In 2016 I participated in a project that was organized around the idea to have students from the Dutch conservatories team up with music students from Syria. We worked together for one week, where we had workshops with Nizar Rohana, Moslem Rahal and Ahmad al Khatib. We loved playing together so much that we decided to stay together as a band, that later took on the name NAJWA. During this week, my eyes got opened to a whole new world of beautiful musical possibilities. I loved the sounds of the music, and I liked to play it, but I also felt in the dark and unable to play along with all these new sounds I was hearing. That is when I decided that I wanted to learn more about the Arabic musical tradition, to learn what theory lies behind the melodies and rhythms and how to find my role in this music as a bass player.
In this thesis, my goal is to gain an understanding of Arabic musical customs and traditions useful for my own practice in music. The term Arabic world generally encompasses the countries and regions where the Arabic language is spoken. This is a huge geographical area spreading across the Middle East and northern Africa. Being such a large area, the Arabic world has a wide variation of different cultural traditions. Therefore it is impossible to mention Arabic music as a clear and well-defined genre. Because of this I have decided to focus my research on a specific area. In my own practice in music, the Arabic musicians with whom I play have a cultural heritage in Syria, or close to it. For this reason I have chosen to restrict myself to the cultural and musical nuances deriving from this area. This is a geographical restriction, as well as a restriction in a musical sense, since it is impossible to cover all theory, intonations, rhythms, song forms and other aspects within the practical boundaries of my Masters studies.
The Arabic world can be geographically divided in two large sections: the Mashriq (east) and the Maghreb (west). The Mashriq (loosely translated: Place of the sunrise) is the region between the Mediterranean Sea and Iran, but also encompasses Egypt and Sudan. The Maghreb (loosely translated: Place where the sun sets) encompasses the (mostly) Muslim parts of North Africa, from Libya to Morocco. Historically, the music in the Mashriq has derived from Persian traditions, inheriting the base of the tonal system (including the ¾ tone interval), musical instruments and song forms. The music tradition in the Maghreb, with Seville as its centre, at some point in time was very similar to the music tradition in the Mashriq. However, influences from European music, like the diatonic system and song forms, have had their impact since the occupation of Andalusia by the Roman Empire around the 12th century. This resulted in the adaption of the western tonal system, consequently losing the ¾ tone interval.
For my research I have chosen to focus mainly on the music tradition of the Mashriq. But even within this (still huge) area there are countless small nuances in intonation and sorts. To make my research align with my day-to-day practice, I have narrowed my area of research further down to the region of Syria. As mentioned, this is because most Arabic musicians I know and get in contact with are from Syria, or from nearby Syria. They will provide me with knowledge and skills of the contemporary musical practices in Syria.
My goal is to gain understanding in the tonal system, or maqam system, by studying a selection of maqamat. The main aim is to gain familiarity with these maqamat by recognizing, playing and using them in composition. Additionally I want to study some rhythms and song forms that are characteristic for the Arabic music tradition. Consequently, I will not try to construct a complete guide to the entire system, but I do hope that the documentation of my process in this will be applicable to many if not all other maqamat in the Arabic tonal system. For my research I have chosen to research the maqamat Hijaz, Rast and Sikah, for which I have the following reasons:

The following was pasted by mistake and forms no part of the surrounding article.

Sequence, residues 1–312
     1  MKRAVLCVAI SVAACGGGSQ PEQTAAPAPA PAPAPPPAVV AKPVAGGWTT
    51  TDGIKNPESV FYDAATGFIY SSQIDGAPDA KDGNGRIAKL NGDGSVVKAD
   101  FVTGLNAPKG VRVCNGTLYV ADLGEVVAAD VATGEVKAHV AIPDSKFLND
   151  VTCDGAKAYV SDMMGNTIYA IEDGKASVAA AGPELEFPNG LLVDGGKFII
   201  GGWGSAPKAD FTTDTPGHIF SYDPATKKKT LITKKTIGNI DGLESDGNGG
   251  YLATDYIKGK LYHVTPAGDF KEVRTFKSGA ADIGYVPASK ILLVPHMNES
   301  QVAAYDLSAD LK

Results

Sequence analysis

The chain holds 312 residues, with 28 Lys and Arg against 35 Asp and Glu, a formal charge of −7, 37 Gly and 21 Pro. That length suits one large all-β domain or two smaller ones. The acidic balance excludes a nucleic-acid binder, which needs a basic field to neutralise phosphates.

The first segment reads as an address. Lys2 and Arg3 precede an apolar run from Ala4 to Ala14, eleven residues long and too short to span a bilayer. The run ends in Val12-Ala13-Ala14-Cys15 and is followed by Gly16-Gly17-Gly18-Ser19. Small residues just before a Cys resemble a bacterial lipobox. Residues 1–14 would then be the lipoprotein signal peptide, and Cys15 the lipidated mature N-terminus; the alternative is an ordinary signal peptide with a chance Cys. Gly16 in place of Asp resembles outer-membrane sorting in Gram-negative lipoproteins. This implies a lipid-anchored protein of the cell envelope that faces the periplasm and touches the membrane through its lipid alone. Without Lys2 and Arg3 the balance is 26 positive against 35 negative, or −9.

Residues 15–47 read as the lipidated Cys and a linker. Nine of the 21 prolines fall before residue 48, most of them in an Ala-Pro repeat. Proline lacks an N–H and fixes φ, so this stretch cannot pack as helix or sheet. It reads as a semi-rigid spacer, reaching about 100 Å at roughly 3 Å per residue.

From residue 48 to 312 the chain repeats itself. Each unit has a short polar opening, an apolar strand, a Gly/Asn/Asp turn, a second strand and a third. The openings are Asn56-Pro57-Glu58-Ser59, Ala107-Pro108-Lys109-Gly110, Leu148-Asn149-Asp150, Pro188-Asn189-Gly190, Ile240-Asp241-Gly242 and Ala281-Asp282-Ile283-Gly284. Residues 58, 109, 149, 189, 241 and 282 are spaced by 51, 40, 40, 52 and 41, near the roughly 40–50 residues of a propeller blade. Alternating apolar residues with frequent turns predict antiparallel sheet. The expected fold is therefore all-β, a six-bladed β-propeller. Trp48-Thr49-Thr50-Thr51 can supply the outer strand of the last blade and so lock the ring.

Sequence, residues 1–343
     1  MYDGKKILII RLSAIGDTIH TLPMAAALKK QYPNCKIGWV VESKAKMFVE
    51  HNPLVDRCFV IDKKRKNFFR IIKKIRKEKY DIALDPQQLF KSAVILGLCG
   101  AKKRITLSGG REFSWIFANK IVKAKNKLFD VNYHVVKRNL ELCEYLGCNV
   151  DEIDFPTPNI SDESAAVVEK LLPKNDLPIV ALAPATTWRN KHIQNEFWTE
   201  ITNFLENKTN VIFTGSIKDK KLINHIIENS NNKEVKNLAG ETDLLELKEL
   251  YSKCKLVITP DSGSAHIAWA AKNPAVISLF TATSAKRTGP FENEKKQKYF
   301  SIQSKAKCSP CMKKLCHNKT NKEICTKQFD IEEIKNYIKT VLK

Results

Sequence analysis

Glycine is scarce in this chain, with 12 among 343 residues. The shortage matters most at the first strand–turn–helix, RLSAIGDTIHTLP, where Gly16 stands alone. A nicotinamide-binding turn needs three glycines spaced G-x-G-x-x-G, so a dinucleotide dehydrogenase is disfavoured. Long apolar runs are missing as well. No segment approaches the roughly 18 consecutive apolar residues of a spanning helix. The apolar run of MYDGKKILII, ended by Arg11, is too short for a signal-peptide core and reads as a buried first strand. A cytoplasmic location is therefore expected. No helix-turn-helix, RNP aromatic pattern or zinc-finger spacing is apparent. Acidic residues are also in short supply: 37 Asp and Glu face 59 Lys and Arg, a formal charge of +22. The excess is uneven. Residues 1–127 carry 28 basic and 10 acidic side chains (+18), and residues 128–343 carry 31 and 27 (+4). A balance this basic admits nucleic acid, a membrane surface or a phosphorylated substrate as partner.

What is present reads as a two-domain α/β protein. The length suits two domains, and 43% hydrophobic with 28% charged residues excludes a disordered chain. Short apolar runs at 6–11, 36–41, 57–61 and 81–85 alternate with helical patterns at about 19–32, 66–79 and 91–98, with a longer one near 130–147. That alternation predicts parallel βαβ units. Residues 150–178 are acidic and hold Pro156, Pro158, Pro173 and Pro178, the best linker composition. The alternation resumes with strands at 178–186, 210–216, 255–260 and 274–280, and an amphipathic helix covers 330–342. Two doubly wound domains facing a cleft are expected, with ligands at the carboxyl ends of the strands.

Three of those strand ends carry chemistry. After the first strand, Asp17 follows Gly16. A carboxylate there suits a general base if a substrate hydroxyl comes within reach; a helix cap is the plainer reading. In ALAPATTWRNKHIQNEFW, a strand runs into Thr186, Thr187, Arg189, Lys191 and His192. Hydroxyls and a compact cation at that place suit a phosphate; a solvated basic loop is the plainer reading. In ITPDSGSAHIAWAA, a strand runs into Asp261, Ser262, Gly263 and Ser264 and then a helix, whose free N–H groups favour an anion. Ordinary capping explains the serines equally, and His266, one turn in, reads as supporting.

- Maqam Hijaz: In the western music world the common knowledge about Arabic music is very limited. There is actually one scale that is, not exclusively but intensively, associated with Arabic music, or more specifically, with ‘an Arabic sound’. The scale is known in Western music theory as the Phrygian dominant scale, so taken the E as a tonic, this would mean: E, F, G#, A, B, C, D, E. Arabic music does encompass, but isn’t limited to, this scale that is characterized by the interval between a minor second and a major third. The actual intonation of the notes is in practice a bit different. I will aim to clarify the nuances between the Western version of the scale, and the traditional Arab version.
- Maqam Rast: This is one of the most commonly used scales in traditional Arab music, and has its heritage in Persian music. The scale uses a quartertone as a third. This is also known as the neutral or Zalzal third, which lies between a minor and a major third. This note is obviously not included in European or common practice music theory. Therefore I think it is very interesting to learn about this maqam, and try to fully understand it.
- Maqam Sikah: This maqam is quite related to maqam Rast. The two scales use the same base notes, but the root note of Sikah is the (neutral) third of maqam Rast. In that way it is comparable to Phrygian in the Gregorian modes. I am very interested in how to deal with a quartertone as a bass note.
All of the above has lead me to my research question:
How can I implement elements like maqam, quartertones and rhythms from the Arabic musical tradition, with a focus on the region of Syria, into my repertoire as a jazz bass player?
 Leo Plenckers, Arabische Muziek (Amsterdam: Bulaaq, 2014), 67-71.